Thanks Roger! Since I wrote you I’ve checked the floor a good amount, it’s pretty flat and level so I’m thinking maybe just a skim coat of thinset to give me a separation from the cutback for the Warm Wire and then the Warm Wire and Tile. I think the main reason I was wanting to use an SLC was so I wouldn’t have to tile right over the Warm Wire, but a skim coat of a good thinset, Flexbond probably, will give me a better bond over the cutback than the Level Quick right? I am thinking that because there are some spots where water doesn’t penetrate, and some thinsets say it doesn’t matter, like the Laticrete Gold and Platinum. Thanks again Roger, I really appreciate your time.

Reply

Mike

Hey Roger, so I’m finally ready to do my installation in my kitchen, comments below concerning that. I have changed up my plan and wanted to hit you up for some more of your expertise if you don’t mind! My plan is simply, WarmWire on the slab, SLC, and flagstone tile. My questions are, have you ever had to attach the WarmWire straps to a slab, I would guess I just use a hammer drill and try to screw them down. And, would you suggest an underlayment on the slab such as easymat or something? I am trying to avoid that, but if it’s something that is imperative I want to do it right. I do understand that doing the WarmWire directly on the slab will result in heat loss, but that is a calculated measure I am taking when weighed against a bunch of other factors. Thanks Roger!

Reply

Roger

Hey Mike,

You can attach the strips for the warmwire with either construction adhesive or, better yet, some of that spray adhesive from 3M. With either method make sure you use the primer for the SLC so that it will adhere to the places you may have gotten the adhesive on the concrete. Trying to screw them down is just gonna piss you off. :D

I always suggest an underlayment over any substrate. Easymat is fine but I prefer (and I’m sure you know this :D ) Ditra for floor tile. Not particularly necessary with the SLC if you don’t want to do it but you need to make sure that you carry the expansion joints in the concrete through to the tile installation and caulk that grout line rather that filling it with grout. Carry it through the SLC also if you don’t use ditra.

Reply

Mike

Apparently I’ve developed an allergy to SpectraLOCK now!! Though I still swear by it. I was dreading finishing up the grout on my shower ceiling since I now know I am allergic, and sure enough, red rash on my arms and my eyes are all puffed up, and it lasts for days too! Still great stuff, I have one more floor to do, might have to get my buddy to grout it for me.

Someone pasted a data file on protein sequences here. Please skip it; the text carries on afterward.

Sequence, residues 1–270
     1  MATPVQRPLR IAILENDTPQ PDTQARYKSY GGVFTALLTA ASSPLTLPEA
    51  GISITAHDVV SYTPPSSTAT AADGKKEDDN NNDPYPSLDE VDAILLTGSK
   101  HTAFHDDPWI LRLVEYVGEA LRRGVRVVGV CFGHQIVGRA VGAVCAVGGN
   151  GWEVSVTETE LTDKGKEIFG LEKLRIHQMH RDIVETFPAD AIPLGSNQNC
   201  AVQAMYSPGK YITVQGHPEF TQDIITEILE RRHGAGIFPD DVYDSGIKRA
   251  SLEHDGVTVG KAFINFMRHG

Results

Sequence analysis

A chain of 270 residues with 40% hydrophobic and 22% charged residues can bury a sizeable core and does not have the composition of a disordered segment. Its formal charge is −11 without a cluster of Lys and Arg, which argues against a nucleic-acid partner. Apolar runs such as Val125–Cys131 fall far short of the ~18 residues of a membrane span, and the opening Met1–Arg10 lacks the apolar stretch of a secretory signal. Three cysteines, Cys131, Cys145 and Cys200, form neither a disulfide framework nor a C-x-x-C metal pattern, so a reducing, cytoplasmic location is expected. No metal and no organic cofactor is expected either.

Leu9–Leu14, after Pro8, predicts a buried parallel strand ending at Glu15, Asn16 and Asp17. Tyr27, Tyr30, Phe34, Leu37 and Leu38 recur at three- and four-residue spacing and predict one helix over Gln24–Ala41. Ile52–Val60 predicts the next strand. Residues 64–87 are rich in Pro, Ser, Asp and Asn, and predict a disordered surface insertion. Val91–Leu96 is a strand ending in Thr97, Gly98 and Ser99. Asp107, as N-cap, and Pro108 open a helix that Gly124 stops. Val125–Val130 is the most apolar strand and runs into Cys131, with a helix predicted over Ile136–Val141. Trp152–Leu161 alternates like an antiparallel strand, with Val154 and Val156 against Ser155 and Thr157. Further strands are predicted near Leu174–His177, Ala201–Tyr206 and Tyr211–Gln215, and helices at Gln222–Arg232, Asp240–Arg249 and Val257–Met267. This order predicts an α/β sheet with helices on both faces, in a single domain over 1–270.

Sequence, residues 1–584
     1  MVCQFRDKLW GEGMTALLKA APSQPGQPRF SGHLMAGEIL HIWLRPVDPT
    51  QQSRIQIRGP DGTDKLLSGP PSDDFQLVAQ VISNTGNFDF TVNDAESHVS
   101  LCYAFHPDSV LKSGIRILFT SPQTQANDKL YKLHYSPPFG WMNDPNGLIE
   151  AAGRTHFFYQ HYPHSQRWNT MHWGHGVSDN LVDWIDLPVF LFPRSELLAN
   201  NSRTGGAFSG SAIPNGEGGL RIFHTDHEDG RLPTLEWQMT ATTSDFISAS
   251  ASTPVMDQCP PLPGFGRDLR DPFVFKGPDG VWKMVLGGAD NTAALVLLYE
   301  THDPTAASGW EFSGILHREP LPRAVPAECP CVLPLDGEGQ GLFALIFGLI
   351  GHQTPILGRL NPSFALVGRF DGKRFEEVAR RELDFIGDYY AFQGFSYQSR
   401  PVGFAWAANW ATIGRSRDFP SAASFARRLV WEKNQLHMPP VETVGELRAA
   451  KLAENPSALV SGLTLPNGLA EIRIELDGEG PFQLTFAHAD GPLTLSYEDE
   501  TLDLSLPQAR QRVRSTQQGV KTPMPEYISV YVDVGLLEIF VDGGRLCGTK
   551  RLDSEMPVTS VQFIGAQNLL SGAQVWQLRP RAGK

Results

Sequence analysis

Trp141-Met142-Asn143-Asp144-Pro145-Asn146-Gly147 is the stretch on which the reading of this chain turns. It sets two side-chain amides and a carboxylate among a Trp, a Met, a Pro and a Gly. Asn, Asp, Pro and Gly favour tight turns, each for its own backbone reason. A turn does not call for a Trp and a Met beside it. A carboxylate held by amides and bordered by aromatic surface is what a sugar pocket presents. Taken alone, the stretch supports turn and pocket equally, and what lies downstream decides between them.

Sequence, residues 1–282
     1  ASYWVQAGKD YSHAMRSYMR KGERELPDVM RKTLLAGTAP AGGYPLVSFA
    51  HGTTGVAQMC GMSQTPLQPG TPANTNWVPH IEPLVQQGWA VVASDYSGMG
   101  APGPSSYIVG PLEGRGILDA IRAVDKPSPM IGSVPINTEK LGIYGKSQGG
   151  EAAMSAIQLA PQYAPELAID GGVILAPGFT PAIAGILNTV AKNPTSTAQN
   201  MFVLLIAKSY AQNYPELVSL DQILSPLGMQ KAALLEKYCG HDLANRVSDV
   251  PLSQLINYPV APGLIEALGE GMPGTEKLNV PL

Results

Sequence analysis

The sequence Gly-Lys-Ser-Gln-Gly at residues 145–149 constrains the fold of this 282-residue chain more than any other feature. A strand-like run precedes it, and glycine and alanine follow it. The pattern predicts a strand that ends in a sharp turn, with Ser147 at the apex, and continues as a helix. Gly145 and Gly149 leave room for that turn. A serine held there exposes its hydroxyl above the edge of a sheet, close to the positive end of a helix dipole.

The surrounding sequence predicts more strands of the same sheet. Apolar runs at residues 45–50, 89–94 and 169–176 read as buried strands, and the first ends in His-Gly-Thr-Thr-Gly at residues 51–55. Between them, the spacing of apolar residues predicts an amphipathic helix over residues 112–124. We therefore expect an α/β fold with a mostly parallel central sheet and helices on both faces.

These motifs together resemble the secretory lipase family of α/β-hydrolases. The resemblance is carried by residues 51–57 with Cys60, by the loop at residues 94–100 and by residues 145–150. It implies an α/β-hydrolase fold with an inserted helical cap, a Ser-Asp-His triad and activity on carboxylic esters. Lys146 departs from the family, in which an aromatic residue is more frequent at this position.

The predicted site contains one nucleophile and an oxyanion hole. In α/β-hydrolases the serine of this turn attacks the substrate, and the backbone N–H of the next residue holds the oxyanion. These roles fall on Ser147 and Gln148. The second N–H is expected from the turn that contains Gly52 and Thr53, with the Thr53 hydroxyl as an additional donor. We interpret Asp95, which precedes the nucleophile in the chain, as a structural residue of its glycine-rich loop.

Reply

Roger

Great, something else I have to worry about – thanks! :D That really sucks Mike, sorry to hear that. It may be a reaction to the part ‘B’ of the epoxy mix – a lot of people have problems with it but it’s usually only a redness that develops when it contacts bare skin – never heard of any eye problems.

Reply

sandy

Chuck the cupcakes in the dishwasher….

Reply

Roger

Hi there Sandy,

I would have loved to! That, however, involves the super secret ninja skill of sneaking whatever jackass idea I have that week past my wife and into her dishwasher – that ain’t happening. Could you imagine giving someone like me free reign over all your kitchen appliances? See – that’s what I mean. She guards those damn things like the Hope Diamond.

For everyone else – Sandy up there is a mosaic artist. You can check out her stuff by clicking on her name in her comment. She also looks as if she’d be fun to party with – that’s always a plus! However, that would also require the aforementioned super secret ninja skill – and I don’t live in Brisbane. Check out her stuff anyway (the mosaics).

Reply

sandy

Roger the cement dodger it sounds! Well, I know what you mean……Dave, hubby, now cooks and does a lot of things I hate to do as I am too busy to cook!!!! My secret tip is to always be covered, well at least some body parts, (hands, feet) etc with Midnight Black thinset or grout. It looks dreadful if you make a sandwich and leave fingerprints on it. Only had to do that a few times and the crunchy stuff inthe vegemite sandwich taught the men in this family to get their own! Re ironing, I left lovely black fingerprints on the white t-shirts and that was that!

I use every kitchen utensil in my mosaic studio and even have put things in the oven…..I am always experimenting with Laticrete products…doing naughty things to them that really work in mosaic art! Like Madonna, I like to make the thinset into art that oozes over the tiles (ie wear your underwear on the side, so to speak!).